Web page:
Niece: “Aunt Eunice is it okay to download a game on your phone?”
Aunt Eunice: “Yes.”
Niece: “Thanks”…pause…”it says, ‘do you want to allow notifications?'”
Aunt Eunice: “No.”
In that simple interaction I noticed how grateful I was that my niece was respectful, asked permission and that I was given a choice. Imagine if all of our conversations were as inclusive and thoughtful.
As contrasted with a recent interaction at a movie theater. The movie had started and while it was playing I took liberties to respond to a couple of texts with the phone in silent mode. Clearly poor behavior…a lady who sat across the aisle three rows behind me jumped out of her seat, ran down to me and in a very angry tone yelled in my ear “shut that thing off now or I will call the man in here.” Startled, I said nothing, put my phone away and took a deep breath as I pondered what to do next. Ultimately, I chose to continue to sit quietly, watch the movie and promptly leave the theater when it ended. That was the best I could muster at the time.
“Peace is not merely a distant goal that we seek, but a means by which we arrive at that goal.”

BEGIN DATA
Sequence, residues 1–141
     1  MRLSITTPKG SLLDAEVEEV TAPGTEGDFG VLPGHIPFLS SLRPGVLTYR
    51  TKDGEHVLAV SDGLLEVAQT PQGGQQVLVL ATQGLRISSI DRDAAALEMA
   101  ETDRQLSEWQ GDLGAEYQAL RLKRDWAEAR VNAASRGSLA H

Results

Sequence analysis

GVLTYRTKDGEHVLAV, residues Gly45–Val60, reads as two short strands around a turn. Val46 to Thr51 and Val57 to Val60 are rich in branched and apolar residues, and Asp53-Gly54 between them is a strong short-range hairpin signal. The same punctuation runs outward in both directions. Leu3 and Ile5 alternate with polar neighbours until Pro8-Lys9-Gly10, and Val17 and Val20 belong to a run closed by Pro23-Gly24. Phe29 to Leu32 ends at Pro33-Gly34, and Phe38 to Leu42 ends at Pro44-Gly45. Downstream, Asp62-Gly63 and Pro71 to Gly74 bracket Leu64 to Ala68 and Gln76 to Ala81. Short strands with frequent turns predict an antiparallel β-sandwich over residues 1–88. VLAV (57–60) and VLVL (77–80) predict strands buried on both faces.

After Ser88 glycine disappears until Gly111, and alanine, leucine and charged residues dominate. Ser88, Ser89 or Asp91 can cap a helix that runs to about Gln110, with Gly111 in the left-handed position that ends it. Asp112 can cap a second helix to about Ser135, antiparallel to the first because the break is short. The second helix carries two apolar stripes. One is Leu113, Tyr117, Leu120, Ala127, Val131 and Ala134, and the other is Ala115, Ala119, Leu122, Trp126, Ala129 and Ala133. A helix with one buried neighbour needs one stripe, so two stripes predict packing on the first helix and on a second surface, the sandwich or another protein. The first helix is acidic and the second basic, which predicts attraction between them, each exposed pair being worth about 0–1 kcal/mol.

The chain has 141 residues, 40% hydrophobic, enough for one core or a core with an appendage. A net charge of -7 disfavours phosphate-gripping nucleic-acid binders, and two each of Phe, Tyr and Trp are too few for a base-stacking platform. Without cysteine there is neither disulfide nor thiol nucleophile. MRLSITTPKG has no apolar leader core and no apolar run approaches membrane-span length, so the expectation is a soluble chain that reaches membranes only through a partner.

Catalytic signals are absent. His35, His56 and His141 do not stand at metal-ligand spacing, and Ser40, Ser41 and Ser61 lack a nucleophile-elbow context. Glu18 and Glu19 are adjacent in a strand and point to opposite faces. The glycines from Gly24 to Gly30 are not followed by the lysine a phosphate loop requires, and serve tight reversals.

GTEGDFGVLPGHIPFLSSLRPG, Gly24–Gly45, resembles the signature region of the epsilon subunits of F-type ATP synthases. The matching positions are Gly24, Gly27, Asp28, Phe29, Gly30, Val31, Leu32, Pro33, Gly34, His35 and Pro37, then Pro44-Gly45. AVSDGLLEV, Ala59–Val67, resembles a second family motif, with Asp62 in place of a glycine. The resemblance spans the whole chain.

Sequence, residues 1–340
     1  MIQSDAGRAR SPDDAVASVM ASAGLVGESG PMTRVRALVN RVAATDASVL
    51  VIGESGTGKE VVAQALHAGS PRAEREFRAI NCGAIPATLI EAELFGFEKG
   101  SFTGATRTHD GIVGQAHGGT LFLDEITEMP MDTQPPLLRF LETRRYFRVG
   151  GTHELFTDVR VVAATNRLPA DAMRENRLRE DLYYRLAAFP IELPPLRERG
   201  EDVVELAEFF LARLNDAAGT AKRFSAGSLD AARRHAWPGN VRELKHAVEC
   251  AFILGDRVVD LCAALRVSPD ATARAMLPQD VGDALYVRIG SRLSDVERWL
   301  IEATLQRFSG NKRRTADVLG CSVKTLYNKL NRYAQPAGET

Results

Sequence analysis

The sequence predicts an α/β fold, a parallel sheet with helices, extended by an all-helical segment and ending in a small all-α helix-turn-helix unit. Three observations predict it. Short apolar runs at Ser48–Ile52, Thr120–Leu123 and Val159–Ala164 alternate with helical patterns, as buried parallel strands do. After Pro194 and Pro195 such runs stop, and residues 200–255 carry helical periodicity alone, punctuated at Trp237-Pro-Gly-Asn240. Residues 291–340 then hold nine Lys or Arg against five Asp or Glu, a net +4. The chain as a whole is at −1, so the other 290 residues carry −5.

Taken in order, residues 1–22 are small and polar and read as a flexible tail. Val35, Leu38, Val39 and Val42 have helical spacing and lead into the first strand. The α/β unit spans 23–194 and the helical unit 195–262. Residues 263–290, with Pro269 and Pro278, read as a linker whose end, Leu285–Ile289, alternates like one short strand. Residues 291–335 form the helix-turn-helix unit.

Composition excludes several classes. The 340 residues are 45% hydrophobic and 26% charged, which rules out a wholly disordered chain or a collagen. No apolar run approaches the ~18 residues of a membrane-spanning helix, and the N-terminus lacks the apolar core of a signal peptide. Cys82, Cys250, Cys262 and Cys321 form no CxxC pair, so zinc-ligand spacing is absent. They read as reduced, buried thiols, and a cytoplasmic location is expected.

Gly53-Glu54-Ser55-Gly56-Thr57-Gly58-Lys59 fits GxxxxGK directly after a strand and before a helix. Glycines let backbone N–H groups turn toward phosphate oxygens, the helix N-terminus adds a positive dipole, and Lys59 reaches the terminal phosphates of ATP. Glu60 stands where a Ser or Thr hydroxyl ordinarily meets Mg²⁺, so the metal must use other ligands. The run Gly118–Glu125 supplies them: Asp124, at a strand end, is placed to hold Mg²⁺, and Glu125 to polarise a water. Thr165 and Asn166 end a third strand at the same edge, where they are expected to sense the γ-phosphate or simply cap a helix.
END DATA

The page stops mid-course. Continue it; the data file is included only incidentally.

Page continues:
~Martin Luther King Jr.
Dr. King intended those words for the Vietnam War that was occurring at that time. However, I find them useful in our day to day concerns as we live, love, and lead. When we set a goal and allow ourselves to be given by leadership we are, in essence, declaring what is important and then doing the work to align ourselves and our environments accordingly. Being a great leader calls us forth and gives us reason to be great, to make sound choices and to lead peaceful existences.
Living inside a conversation for leadership reduces the probability of responding in a way that alienates, annoys and agitates others. What matters is that we choose what’s important, and keep coming back to that, over and over. It is incumbent upon us to identify the habitual tendencies that create conflict or alienation and learn to come back to what’s important. Life is an ongoing act of clarifying goals.
By doing so, we shed the weight of trouble, worry, angst, dissatisfaction and fear. In moments of clarity we will take the high road.
What does the high road look like in practice?
Generate Respect for others (no matter what).
As all of our mothers taught us, “If you don’t have anything nice to say, don’t say anything. Practice silence, don’t voice anger unless absolutely necessary.
Avoid daily conflict, drama, gossip – walk away.
Be uplifting, not critical
Be calm, composed and centered
Find and express words of kindness, encouragement and positivity.